Nonmutant antigens highly and specifically expressed by acute myeloid leukemia cells were identified.
Major Finding: Nonmutant antigens highly and specifically expressed by acute myeloid leukemia cells were identified.
Concept: These antigens mainly arose from translation of introns and were predicted to be immunogenic.
Impact: The identified antigens, which were shared among patients, may be useful immunotherapy targets.
Vaccines based on tumor-associated antigens have not proved useful in acute myeloid leukemia (AML), and only one common mutant tumor-specific antigen (TSA)—which does not appear to be highly immunogenic—has been identified in this malignancy. However, given that MHC I is highly expressed on AML cells and that bone marrow CD8+ T cells in patients with AML show signs of antigen recognition, Ehx and colleagues investigated AML-specific aberrantly expressed nonmutant TSAs, which can arise from translation of RNAs transcribed from noncoding regions of the genome (e.g., introns). A mass spectrometry–based analysis of 19 patient-derived AML samples revealed that AMLs highly express 58 TSAs, most of which arose from translation of intronic sequences. Analysis of data from RNA-sequencing experiments on AML blasts from 437 patients revealed that many of these highly expressed TSAs were likely shared among patients, at least one of such TSAs would be expected to be presented on AML cells of the majority of patients, and disease stage—from time of diagnosis to time of relapse—did not alter the expression profile of these TSAs. Therefore, targeting the identified TSAs may be of interest in any patient with AML. Importantly, these TSAs were highly expressed not only by leukemia blasts but also by leukemia stem cells, which are thought to be the principal contributors to relapse. Supporting the hypothesis that these highly expressed TSAs are immunogenic, presentation of a greater number of these TSAs was correlated with longer survival in patients with AML. Use of a machine learning approach that predicts the probability of T-cell responsiveness to antigens provided evidence that the highly expressed TSAs were immunogenic, an idea further supported by in vitro assays and data from patient samples. Collectively, these findings demonstrate the existence of immunogenic, AML-specific antigens shared among patients and suggest that these TSAs may be useful immunotherapy targets.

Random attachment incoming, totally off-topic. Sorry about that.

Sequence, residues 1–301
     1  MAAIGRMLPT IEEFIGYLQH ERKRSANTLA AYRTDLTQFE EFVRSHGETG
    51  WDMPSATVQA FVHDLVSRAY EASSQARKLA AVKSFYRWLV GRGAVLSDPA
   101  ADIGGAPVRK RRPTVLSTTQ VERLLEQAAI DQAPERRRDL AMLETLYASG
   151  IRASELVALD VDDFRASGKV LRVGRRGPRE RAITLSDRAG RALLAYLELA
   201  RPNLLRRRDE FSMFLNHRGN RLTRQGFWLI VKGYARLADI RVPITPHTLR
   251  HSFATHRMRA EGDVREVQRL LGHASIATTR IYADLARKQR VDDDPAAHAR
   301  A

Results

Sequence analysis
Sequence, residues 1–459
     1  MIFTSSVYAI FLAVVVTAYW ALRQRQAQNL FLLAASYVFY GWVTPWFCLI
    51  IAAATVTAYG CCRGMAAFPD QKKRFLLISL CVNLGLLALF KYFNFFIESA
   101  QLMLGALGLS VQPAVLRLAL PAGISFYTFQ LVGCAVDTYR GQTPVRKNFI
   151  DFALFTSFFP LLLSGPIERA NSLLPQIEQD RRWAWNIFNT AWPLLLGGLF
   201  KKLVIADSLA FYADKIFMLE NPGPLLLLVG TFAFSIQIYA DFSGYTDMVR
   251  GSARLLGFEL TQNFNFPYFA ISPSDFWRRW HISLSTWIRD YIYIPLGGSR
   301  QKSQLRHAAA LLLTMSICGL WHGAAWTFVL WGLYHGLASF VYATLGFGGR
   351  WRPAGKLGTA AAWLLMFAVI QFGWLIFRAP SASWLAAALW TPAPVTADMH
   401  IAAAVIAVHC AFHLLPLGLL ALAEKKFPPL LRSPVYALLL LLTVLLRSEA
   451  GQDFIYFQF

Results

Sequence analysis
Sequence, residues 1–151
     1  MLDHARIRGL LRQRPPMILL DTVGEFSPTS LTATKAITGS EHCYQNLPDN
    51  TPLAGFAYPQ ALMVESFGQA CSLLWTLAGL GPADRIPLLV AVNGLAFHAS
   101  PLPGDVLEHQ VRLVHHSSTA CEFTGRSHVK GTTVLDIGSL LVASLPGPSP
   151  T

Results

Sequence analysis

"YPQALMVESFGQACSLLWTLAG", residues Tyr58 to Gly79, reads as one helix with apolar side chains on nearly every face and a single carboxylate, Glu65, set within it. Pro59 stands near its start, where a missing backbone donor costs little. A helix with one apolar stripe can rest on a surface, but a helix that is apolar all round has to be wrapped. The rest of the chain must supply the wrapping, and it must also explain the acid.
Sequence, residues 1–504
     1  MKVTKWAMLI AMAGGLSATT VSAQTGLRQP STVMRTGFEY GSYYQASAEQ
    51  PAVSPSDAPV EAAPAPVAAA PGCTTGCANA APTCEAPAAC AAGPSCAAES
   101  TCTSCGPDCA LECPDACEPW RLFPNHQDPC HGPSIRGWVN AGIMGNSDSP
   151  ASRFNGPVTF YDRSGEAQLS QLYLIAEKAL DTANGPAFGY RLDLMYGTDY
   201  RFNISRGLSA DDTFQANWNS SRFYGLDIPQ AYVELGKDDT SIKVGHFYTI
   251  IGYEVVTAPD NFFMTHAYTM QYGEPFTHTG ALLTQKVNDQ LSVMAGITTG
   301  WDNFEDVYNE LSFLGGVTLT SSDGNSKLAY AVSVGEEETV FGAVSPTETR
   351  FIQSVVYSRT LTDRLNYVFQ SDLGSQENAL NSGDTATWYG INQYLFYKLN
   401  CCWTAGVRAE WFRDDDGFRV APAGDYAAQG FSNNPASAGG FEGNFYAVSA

Ehx G, Larouche JD, Durette C, Laverdure JP, Hesnard L, Vincent K, et al. Atypical acute myeloid leukemia-specific transcripts generate shared and immunogenic MHC class-I-associated epitopes. Immunity 2021 Mar 18 [Epub ahead of print].
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